“We look forward to further progress in the upcoming year,” said Stephen Wells, executive director for ALDF. “Regardless of ranking, each state and territory has ample room for improvement. We hope lawmakers will recognize the need for immediate improvement in animal protection laws across the nation. Although animals do not vote, those who love and protect them certainly do.”
Posted by jwoestendiek December 19th, 2012 under Muttsblog.
Tags: aldf, analysis, animal, animal legal defense fund, best, best and worst, bottom five, california, cruelty to animals, felony, illinois, iowa, kentucky, laws, maine, michigan, new mexico, north dakota, oregon, protection, report, south dakota, states, statutes, top five, worst
North Dakota voters turned down a measure that would have made cruelty to dogs, cats and horses a felony, leaving it one of just two states without felony penalties for mistreating animals.
The other is its neighbor, South Dakota.
A citizen initiative on Tuesday that would have made animal cruelty punishable by up to five years in prison and a $5,000 fine was defeated by nearly a 2-1 margin.
That means animal abuse remains a misdemeanor, and the most severe punishment for cruelty in the state will continue to be a year in jail and a $2,000 fine.
North Dakota’s two major farm groups opposed the measure, saying it was vague and poorly worded, according to the Associated Press.
The measure would have made it it a class C felony “to maliciously and intentionally harm a living dog, cat or horse.”
North Dakotans to Stop Animal Cruelty says it plans to to continue its efforts to change the law.
(Photo: From the Facebook page of North Dakotans to Stop Animal Cruelty)
Posted by jwoestendiek November 8th, 2012 under Muttsblog.
Tags: 2012, abuse, animal cruelty, animal welfare, animals, cats, cruelty, cruelty to animals, dogs, election, farmers, felony, horses, increase, measure, misdemeanor, north dakota, north dakotans to stop animal cruelty, opposition, penalties, pets, referendum, vote, voter
An Atlanta area man is facing upgraded charges in connection with a fight he had with his wife two months ago in which he beat her with her dog, then killed the Pomeranian by snapping its neck, police said.
Emmanuel Alfredo Tadeo, 27, of Sandy Springs, was in the Fulton County jail Wednesday facing felony animal cruelty and other charges, Channel 2 Action News reported.
Police said the charges stemmed from a May 19 disturbance at the home of Tadeo and his wife, Andrea Jill Armintrout, in their condominium on Roswell Road.
“The argument started over him blaming his wife for his misfortunes in life,” said Capt. Steve Rose, spokesman for the Sandy Springs Police Department. The man had been drinking heavily, he said.
“It is probably one of the worst cases of animal cruelty that we’ve ever seen,” Rose added.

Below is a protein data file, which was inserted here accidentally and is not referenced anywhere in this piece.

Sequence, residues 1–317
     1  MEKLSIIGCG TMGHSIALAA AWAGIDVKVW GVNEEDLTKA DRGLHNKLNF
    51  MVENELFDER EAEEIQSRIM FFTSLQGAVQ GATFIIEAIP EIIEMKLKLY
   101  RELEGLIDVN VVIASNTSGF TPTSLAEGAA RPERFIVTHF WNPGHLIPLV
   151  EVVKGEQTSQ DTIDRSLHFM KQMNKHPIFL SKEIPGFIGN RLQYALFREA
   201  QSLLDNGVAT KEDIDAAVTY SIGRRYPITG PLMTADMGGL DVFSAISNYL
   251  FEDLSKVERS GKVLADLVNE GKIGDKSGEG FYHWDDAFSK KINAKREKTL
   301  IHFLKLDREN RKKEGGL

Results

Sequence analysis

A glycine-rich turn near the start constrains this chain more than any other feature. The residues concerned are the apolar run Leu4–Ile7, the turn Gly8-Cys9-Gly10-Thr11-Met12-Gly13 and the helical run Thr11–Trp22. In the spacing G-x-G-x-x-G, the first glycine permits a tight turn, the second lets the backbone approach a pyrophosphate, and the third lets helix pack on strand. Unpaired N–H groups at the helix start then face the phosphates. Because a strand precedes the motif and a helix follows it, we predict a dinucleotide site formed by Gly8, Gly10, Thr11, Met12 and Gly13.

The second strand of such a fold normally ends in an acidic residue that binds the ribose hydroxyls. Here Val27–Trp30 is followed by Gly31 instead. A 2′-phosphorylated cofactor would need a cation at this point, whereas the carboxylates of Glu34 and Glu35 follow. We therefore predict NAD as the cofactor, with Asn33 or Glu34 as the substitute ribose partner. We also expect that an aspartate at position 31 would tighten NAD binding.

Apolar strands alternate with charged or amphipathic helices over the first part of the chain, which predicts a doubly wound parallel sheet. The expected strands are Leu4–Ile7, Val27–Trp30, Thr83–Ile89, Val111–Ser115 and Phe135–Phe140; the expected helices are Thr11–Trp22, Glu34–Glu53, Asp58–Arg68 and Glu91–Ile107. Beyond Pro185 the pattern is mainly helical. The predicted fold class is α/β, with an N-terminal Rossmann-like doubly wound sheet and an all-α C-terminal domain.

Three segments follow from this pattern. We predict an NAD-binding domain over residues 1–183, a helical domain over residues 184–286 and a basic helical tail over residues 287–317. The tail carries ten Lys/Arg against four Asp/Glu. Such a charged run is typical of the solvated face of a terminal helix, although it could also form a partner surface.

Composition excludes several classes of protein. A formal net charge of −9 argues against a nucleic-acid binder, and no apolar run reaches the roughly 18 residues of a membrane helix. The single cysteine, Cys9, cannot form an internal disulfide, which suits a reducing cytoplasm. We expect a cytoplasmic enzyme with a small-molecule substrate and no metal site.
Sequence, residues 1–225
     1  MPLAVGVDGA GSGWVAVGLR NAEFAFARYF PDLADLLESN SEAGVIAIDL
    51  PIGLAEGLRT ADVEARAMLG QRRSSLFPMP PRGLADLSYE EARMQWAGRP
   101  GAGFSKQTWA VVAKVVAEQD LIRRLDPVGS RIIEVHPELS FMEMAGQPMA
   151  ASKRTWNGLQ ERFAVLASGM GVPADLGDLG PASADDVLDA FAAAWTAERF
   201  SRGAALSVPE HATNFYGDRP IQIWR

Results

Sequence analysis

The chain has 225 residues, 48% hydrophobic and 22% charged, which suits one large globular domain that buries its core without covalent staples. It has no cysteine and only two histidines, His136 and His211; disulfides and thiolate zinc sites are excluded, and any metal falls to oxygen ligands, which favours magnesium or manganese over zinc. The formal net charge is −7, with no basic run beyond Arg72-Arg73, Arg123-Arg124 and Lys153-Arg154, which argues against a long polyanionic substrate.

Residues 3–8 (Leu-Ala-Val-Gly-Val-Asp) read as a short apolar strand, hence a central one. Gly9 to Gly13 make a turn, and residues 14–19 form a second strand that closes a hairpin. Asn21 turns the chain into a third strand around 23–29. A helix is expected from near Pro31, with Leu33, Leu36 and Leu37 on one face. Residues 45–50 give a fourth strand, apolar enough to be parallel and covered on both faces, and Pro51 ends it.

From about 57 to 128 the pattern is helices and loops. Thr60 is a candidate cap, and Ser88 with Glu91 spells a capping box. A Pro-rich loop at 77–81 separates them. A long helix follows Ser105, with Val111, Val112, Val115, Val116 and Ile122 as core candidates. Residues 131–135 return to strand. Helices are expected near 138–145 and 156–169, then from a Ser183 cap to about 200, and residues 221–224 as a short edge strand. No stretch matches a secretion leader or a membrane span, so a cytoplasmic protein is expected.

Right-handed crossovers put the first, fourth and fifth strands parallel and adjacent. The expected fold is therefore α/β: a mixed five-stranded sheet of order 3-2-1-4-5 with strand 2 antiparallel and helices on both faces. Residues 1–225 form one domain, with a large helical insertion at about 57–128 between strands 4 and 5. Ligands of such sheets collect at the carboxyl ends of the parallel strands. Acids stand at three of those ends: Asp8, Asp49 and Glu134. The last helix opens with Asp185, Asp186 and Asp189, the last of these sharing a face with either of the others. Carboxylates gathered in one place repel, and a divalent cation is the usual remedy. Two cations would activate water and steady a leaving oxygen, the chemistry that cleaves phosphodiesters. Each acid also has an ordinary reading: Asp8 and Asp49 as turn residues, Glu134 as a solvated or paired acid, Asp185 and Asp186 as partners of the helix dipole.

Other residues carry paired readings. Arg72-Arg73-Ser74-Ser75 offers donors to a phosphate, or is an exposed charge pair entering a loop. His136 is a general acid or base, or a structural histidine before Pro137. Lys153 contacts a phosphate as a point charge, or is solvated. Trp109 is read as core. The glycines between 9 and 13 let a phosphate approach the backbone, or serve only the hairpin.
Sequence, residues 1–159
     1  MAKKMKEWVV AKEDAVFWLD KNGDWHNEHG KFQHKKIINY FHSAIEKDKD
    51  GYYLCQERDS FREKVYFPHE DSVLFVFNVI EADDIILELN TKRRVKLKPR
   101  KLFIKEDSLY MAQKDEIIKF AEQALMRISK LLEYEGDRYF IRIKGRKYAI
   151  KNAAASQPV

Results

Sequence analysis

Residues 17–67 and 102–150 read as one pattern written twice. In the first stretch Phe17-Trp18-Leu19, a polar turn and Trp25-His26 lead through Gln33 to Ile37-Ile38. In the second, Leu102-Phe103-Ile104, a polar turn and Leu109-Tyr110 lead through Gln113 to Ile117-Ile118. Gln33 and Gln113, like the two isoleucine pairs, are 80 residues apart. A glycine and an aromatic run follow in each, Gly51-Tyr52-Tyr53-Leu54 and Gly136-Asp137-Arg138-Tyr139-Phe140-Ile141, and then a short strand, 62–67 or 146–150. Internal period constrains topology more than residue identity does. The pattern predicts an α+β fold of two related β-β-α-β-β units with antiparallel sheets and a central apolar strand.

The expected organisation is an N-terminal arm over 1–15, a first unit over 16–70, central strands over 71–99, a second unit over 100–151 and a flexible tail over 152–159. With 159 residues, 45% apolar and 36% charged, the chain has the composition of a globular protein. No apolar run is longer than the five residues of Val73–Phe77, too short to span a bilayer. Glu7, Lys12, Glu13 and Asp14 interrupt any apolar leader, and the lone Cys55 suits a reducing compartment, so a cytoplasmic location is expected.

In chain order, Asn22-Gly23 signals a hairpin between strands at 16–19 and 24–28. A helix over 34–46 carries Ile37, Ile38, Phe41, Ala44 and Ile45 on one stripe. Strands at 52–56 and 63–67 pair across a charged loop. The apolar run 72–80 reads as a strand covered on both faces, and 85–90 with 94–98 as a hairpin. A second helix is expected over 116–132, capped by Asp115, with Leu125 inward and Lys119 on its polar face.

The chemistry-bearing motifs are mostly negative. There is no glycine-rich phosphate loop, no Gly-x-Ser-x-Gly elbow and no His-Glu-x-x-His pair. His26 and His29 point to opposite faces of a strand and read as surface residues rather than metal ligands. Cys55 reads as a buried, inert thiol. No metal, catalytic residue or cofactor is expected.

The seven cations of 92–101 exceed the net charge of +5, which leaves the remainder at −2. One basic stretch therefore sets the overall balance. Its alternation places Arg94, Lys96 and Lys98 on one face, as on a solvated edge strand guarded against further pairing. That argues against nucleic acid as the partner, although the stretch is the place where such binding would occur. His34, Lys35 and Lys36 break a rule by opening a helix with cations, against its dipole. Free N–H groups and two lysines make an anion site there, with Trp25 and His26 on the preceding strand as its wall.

Rose said the man had kicked and stomped on the dog and at one point he swung the animal at his wife, striking her.
Tadeo initially was charged with battery and misdemeanor cruelty to animals, according to Fulton County jail records. He was released June 14 after posting $5,000 bond.
This week, prosecutors upgraded the charges to aggravated assault, aggravated battery, battery and two counts of cruelty to animals.
Armintrout was also arrested Friday and charged with one count of obstruction, a misdemeanor. She was being held on $500 bond Wednesday.
Posted by jwoestendiek July 20th, 2012 under Muttsblog.
Tags: animal cruelty, animals, argument, arrest, beating, charges, cruelty to animals, dispute, dog, dogs, domestic, Emmanuel Alfredo Tadeo, felony, fight, fulton county, husband, killed, pets, police, pomeranian, upgraded, used, violence, wife
On Wednesday, an arrest was made in the case. Sean D. Branch, 24, was charged with one count of felony animal cruelty.
Branch, who was arrested in Clinton, Md., faces up to five years in jail and a $25,000 fine, the Washington Humane Society said in a press release.
He is scheduled for a preliminary hearing July 31.
Officer Michael Triebwasser of the Washington Humane Society said that the 6-month-old dog, King Tut, a brindle-and-white male, fell asleep about 9 a.m. in the shade behind the Circle Seven Express store on Mount Olivet Road.
The assailant, described by witnesses as a man in his late 20s, picked up a large concrete slab, held it chest-high and then let it fall on the dog’s head, the Washington Post reported.
According to court documents, the dog’s owner is Willie Starkey, who has no address.
Posted by jwoestendiek July 13th, 2012 under Muttsblog.
Tags: animal cruelty, animals, arrest, concrete, cruelty to animals, dc, dogs, felony, killed, king tut, pets, puppy, slab, sleeping, washington, washington humane society
A year after Chamberlin was found tied to a tree and abandoned in a backyard in North Carolina, his reputed former owners are scheduled to be sentenced tomorrow on animal cruelty charges.
Chamberlin, whose continuing recovery has been documented by the Guilford County Animal Shelter, had apparently spent two months shackled to a tree behind the home, which the owners had moved out of when they split up.